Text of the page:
Leaving Dickens' case aside. Our society has a tendency to deify people that are talented or famous. The thing is even if someone is a genius, this person is still human, with very human flaws that only the people closest to them can see. This is without adding the fact that wealth and fame often attracts unhealthy behaviours. We shouldn't expect a virtuous life from anyone.
 

loreta

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You can be a marvelous writer, a magnificent one, a genius one like Paul Scott (now I think about him) with his Indian Saga but at the same time be a very mean husband, an alcoholic, a bad father. In his books you have the impression that he is someone who is almost perfect because he understands the soul, of humans and of a country. But in his life he was so difficult to live with. He was so human, so imperfect. How is this possible ? Humans are not perfect. Writers are, some of them, perfect. This is another paradox.
 

Adaryn

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Then you have someone like Stephen King, writes horror, rarely uplifting except maybe Shawshank Redemption, married to the same woman for almost 50 years to all accounts happily. Maybe not relevant, but just came to mind.
Yes! I was pondering over this last night. So what's worse? To create absolute masterpieces that will enlighten people about the human condition, denounce social injustice, etc., uplift them spiritually, creating positive dissociation… yet be a horrible human being in your personal life?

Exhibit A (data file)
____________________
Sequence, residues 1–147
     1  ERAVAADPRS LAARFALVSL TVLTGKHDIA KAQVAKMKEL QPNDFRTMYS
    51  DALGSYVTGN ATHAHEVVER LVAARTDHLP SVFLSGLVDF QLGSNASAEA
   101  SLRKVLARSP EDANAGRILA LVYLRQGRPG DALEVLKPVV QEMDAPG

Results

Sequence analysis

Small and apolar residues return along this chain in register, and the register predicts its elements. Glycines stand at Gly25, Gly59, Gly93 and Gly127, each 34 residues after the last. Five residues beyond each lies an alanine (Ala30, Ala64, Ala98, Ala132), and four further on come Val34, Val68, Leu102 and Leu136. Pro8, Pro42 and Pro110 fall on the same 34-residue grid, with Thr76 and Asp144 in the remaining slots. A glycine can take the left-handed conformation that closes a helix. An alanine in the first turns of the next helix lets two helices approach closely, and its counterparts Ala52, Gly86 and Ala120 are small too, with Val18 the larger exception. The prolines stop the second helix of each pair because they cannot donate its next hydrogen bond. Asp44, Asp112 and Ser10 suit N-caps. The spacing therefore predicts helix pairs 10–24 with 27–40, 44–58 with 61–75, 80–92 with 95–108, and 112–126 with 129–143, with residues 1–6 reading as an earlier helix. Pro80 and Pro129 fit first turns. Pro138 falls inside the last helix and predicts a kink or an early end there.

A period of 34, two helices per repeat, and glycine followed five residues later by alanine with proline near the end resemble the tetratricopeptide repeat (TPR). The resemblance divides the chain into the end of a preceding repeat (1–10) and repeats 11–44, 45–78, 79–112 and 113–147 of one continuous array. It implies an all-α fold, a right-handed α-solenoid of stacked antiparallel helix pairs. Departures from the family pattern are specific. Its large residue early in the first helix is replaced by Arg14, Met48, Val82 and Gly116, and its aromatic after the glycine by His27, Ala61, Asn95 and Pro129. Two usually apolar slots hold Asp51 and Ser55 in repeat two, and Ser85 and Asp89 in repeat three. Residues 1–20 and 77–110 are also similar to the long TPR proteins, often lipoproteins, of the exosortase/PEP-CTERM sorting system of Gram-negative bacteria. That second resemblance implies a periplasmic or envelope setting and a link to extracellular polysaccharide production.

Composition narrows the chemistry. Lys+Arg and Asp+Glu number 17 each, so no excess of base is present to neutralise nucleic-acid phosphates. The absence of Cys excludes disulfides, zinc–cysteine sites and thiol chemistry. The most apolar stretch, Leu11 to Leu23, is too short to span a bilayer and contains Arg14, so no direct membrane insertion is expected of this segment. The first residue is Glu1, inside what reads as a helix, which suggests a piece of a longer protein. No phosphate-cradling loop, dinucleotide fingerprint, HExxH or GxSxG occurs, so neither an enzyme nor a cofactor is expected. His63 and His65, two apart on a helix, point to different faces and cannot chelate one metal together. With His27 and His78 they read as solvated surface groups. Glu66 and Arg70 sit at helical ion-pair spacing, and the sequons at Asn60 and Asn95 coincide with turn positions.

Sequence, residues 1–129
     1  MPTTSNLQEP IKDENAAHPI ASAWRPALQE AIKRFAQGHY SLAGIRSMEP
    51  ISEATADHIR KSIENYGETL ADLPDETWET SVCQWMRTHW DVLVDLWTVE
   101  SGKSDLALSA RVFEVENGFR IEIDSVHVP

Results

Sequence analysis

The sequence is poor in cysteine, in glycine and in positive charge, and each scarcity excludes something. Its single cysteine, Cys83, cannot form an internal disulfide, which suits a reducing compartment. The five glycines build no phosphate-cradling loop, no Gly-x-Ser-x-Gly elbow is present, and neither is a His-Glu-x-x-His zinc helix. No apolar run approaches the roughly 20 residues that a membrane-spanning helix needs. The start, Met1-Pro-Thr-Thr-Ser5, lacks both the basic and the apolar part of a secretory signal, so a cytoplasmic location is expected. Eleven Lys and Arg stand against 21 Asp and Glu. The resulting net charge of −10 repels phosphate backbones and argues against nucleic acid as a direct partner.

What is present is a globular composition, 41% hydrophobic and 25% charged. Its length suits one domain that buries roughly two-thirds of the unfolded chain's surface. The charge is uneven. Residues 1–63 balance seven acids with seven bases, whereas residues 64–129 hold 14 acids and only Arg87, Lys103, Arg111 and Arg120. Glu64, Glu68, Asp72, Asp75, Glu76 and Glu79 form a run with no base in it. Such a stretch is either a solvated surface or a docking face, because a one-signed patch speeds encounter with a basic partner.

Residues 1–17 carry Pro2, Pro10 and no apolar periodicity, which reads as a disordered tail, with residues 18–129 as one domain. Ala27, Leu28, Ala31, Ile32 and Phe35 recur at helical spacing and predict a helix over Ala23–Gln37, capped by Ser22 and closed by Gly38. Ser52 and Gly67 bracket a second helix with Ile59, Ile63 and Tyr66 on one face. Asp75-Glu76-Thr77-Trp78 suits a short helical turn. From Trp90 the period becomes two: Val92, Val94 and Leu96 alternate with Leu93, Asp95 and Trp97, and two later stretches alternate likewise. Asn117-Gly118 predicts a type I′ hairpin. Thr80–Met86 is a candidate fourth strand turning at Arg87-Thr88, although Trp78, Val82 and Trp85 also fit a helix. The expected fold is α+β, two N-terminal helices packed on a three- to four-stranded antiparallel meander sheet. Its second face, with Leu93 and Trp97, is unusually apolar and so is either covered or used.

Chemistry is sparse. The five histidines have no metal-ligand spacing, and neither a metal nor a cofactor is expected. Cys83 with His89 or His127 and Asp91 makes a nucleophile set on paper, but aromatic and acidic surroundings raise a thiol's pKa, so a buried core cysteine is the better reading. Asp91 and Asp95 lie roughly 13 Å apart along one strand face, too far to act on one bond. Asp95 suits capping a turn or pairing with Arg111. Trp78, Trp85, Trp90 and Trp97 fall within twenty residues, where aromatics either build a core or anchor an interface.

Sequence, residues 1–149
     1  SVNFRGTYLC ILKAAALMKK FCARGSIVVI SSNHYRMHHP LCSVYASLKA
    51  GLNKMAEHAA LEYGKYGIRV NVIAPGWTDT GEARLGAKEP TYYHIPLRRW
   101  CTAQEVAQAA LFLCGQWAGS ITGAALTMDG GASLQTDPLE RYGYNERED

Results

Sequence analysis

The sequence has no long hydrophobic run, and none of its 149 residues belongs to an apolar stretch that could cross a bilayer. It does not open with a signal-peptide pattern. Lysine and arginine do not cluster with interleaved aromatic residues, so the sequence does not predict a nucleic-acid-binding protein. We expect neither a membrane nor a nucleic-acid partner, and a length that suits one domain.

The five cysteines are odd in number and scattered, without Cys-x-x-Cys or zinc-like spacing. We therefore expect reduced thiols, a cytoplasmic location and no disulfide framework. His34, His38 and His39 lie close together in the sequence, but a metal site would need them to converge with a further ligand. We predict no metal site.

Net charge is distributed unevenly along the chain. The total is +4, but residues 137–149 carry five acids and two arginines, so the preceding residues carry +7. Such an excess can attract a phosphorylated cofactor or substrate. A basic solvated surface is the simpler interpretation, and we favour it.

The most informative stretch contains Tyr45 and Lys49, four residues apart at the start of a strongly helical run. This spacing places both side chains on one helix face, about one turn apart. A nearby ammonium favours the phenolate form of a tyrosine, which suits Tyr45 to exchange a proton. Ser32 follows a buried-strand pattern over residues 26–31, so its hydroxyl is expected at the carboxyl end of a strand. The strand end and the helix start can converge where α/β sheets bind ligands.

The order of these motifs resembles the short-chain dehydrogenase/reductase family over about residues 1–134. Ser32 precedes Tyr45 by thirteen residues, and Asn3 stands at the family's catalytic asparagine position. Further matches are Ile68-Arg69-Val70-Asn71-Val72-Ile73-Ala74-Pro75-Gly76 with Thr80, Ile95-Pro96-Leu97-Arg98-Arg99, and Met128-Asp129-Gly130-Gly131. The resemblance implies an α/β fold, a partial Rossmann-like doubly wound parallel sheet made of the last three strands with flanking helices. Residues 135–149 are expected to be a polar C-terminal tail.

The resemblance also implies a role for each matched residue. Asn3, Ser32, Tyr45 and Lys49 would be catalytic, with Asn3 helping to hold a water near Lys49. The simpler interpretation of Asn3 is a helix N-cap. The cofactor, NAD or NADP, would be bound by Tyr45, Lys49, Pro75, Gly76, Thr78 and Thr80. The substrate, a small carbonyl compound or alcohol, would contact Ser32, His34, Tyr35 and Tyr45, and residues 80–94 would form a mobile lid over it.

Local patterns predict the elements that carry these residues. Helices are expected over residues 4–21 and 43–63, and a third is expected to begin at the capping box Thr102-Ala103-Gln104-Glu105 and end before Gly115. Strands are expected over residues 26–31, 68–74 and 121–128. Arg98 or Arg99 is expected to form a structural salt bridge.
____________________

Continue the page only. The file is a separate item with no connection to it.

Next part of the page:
Or is it worse to write (as in the example of S. King) disturbing stuff that might have been influenced by nefarious sources, and which might create negative dissociation and 'lower the vibrations' of millions of people… yet be a good, or at least decent person in real life?

Personally, I draw the line at really sick and twisted behaviour. Painter Gabriel Rossetti was reportedly a jerk in real life; his behavior/philandering is at least partly responsible for his wife's descent into addiction, depression and her early death (some say it was suicide). He even exhumed her body to retrieve his poems, which he'd buried with her. Yet his paintings are gorgeous, and I'll always admire them.